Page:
Before you rush to take offence, let me make one thing clear. I am not a starver, or a dieter, or the kind of mean-spirited creature who looks at other women's thighs and thinks: they could use some work. I am a greedy person, a keen consumer of all things meat and dairy. I am also a lumpy person. When I wear low-cut jeans, a ripe Brie-like swell of flesh rises and falls above my waistband. You are as likely to see me in a miniskirt as you are the Duchess of Cornwall in full bondage gear. Does this worry me? Not much. There are times when I'd like to be more taut. Mostly, though, I accept this soft veil of fat, the one the Victorians liked to call their "silken layer". It is what makes me a woman. No point in shirking that.
Still, I would hate to be overweight. Obesity is disgusting, and with each year that passes, it becomes more acceptable to state this fact. The days when one avoided mentioning portion control to teenagers for fear that they might fall prey to anorexia are long gone. It is clear that an acute remark, the passing on of a sense of control, do not in themselves set a girl on a path to starvation. But the failure to pass on a sense of control may have severe consequences. The developed world is morbidly fat; if we carry on like this increasing numbers of us will die young. It is also unhappily fat. I have yet to meet that figment of the popular imagination, the jolly fat person. Watch an obese woman struggle on to a bus, and all you see is misery.
Perhaps I was crotchety, having eaten far too much over Christmas, but there were moments when this book made me so mad I could scarcely breathe. Wendy Shanker is a New Yorker who has tried just about everything to lose weight, including spending $9,430 at a place called the Duke Diet and Fitness Centre where, over four weeks, she managed to shed no less than two pounds. After this experience, she decided that she'd had enough. She would embrace her great girth. Down with dieting! Having released herself from the tyranny of the protein shake, she then decided to help others do the same. The result is this muddle-headed, self-deceiving, whiny book.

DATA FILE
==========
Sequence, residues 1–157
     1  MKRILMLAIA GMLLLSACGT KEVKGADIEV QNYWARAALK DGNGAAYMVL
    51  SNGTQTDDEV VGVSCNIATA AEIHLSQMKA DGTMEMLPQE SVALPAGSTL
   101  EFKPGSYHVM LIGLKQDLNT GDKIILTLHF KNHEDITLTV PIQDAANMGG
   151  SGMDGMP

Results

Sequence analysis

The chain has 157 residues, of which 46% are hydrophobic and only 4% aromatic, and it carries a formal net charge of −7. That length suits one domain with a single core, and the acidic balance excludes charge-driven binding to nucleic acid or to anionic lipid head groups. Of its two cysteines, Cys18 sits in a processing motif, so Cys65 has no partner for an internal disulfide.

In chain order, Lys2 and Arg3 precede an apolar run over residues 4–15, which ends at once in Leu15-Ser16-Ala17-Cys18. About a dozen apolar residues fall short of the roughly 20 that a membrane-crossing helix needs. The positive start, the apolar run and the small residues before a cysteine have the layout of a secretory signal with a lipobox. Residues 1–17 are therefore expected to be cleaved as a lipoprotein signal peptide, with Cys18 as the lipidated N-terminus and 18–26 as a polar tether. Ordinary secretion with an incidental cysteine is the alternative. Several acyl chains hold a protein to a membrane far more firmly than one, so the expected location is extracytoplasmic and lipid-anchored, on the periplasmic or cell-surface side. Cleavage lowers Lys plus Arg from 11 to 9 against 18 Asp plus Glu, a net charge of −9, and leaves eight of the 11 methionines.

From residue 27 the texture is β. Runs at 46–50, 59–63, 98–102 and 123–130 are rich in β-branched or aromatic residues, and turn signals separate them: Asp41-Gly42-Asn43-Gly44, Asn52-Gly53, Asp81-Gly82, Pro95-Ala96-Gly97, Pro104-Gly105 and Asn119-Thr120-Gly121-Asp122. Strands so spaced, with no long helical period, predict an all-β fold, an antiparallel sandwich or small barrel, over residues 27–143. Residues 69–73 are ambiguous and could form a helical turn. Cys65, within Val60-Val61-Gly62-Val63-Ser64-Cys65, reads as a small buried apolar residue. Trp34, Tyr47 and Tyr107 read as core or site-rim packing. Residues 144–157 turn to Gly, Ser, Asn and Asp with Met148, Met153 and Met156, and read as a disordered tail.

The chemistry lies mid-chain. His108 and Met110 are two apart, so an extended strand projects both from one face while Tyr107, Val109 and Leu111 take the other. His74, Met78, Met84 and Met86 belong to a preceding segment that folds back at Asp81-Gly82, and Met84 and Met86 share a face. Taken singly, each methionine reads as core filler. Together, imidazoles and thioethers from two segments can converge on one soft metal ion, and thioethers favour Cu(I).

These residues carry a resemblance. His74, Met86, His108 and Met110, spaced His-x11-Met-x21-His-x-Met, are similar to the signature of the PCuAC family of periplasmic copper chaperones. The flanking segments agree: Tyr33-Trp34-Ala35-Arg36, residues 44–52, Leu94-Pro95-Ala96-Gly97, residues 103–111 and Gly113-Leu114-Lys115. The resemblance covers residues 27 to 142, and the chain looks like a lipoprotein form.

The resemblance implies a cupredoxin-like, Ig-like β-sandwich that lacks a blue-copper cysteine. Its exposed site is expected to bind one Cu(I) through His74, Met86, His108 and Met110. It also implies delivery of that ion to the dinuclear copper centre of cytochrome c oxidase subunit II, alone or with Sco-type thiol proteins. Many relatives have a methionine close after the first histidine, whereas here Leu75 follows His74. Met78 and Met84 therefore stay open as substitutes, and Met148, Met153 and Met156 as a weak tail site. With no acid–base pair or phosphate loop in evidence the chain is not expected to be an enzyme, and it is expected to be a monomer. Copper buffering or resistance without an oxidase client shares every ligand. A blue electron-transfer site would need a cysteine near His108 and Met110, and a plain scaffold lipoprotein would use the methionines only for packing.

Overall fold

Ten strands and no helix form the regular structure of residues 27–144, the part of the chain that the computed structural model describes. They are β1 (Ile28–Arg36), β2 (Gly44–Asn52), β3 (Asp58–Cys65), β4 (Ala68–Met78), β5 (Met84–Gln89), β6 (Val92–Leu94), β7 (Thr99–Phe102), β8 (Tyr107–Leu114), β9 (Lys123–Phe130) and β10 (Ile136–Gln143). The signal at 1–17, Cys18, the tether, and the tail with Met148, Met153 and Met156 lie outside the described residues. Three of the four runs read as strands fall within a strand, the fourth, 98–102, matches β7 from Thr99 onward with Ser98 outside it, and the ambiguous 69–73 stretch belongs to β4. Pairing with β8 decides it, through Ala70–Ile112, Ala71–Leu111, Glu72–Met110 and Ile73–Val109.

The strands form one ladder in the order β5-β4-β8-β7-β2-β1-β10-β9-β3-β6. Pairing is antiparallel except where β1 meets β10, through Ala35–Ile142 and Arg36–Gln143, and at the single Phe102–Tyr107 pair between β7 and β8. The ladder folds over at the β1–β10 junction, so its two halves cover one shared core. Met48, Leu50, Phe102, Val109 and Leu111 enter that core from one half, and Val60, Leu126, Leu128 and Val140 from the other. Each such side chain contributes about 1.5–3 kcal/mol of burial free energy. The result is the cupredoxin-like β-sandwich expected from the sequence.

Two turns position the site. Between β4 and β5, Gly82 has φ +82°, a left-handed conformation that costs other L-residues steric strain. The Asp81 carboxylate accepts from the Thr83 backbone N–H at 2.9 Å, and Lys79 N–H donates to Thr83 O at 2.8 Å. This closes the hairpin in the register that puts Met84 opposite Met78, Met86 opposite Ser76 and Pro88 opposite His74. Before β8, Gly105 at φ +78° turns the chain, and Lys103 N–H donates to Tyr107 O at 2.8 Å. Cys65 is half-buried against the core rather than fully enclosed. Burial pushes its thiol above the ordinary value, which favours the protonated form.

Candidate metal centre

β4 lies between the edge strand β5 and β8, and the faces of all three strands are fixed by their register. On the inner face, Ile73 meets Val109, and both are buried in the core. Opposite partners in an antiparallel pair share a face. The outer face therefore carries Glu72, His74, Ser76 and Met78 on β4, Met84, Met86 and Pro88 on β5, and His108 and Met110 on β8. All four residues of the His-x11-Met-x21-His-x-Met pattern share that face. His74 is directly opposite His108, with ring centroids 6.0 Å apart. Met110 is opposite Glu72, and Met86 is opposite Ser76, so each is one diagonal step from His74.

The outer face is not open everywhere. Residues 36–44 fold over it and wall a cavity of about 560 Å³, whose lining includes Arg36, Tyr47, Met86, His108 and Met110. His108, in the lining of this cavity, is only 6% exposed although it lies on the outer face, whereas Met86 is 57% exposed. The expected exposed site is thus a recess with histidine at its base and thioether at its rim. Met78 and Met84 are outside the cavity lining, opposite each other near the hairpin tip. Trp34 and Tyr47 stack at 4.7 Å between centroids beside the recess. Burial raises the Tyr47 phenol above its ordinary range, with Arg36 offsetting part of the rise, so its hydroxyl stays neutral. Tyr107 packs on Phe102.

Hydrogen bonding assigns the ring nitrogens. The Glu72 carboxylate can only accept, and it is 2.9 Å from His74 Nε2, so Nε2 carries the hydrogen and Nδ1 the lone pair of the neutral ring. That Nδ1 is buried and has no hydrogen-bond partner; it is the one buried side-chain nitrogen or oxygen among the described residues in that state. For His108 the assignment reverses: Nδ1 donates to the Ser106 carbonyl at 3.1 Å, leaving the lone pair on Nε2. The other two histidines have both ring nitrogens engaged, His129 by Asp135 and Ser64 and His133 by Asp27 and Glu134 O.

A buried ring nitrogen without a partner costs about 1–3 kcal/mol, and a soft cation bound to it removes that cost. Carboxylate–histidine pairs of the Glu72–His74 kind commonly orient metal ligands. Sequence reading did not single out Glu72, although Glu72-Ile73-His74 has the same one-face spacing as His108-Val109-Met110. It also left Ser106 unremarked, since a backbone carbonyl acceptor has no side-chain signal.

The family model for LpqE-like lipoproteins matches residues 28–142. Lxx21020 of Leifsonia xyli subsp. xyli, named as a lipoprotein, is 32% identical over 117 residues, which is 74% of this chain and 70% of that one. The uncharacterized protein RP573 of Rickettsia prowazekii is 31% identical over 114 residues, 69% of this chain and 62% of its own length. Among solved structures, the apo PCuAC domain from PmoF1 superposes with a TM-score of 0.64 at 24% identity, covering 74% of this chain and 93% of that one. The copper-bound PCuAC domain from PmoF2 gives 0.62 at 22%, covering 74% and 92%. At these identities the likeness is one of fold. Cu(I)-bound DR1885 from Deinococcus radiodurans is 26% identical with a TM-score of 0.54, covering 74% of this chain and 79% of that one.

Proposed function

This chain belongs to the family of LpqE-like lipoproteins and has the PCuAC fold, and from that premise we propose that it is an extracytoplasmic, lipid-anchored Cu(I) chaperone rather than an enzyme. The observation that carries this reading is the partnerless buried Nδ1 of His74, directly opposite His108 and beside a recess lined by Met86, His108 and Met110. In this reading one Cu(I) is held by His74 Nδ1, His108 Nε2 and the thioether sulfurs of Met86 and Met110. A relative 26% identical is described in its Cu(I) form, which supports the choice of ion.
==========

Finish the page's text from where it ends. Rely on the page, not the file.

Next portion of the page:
Shanker's central thesis is: a) that it is possible to be a healthy fat person and b) that as 68 per cent of American women are now a British size 16 or larger, it is the medical definitions of obesity that should be adjusted rather than people's lifestyles. I hardly need spell out what rubbish this is. The healthy overweight are extremely rare; most fat people have knees that ache, and clogged arteries, and overworked hearts. Diabetes is their destiny. How do you think they got fat in the first place? Not by running marathons. As for the idea that we start thinking of big as normal, well, all sorts of things are "normal"; in Baghdad, kidnapping is now a way of life.
Shanker's book, like her weight, is a product of 21st-century decadence. Naturally, she cannot construct an argument; her thinking is as skewed as the crazily illogical diets - gallon of Tasti D-Lite, anyone? - to which she used to be enslaved. Thin people are envious of fat people, she argues, because fat folk allow themselves to eat what they want. I don't think so. Thin people are scared of fat people (they stand as a warning); they sometimes find them comforting (she's fatter than me). But envious? Worse, even as Shanker rejects body fascism, she embraces it. She favours control underwear, the kind that allows you neither to bend over nor to pee. "But hot damn," she writes. "I looked so fierce." So what is her point? That it is unfair to expect women to be skinny? Or that skinny is fine so long as you don't have to give up French toast to achieve it?
The Fat Girl's Guide poses as brave, but in fact it is lily-livered, always shying away from tricky words such as "glutton" and "greed" (words that carry biblical weight, that suggest some measure of personal responsibility), always looking for someone to blame (parents, cele-brities, doctors). When I was a girl, my grandmother would decline second helpings with the words: "I've had sufficient, thank you." I used to think this funny and old-fashioned, but now I wonder at her accuracy, physical and moral. While half the world starves, the rest of us scoff egg-white omelettes and wonder if, because we've gone without yolks, we can have fries, too. We still understand - just - the word "full", but "sufficient", as this terrible book only serves to remind, has all but disappeared from the lexicon.
Rachel Cooke writes for the Observer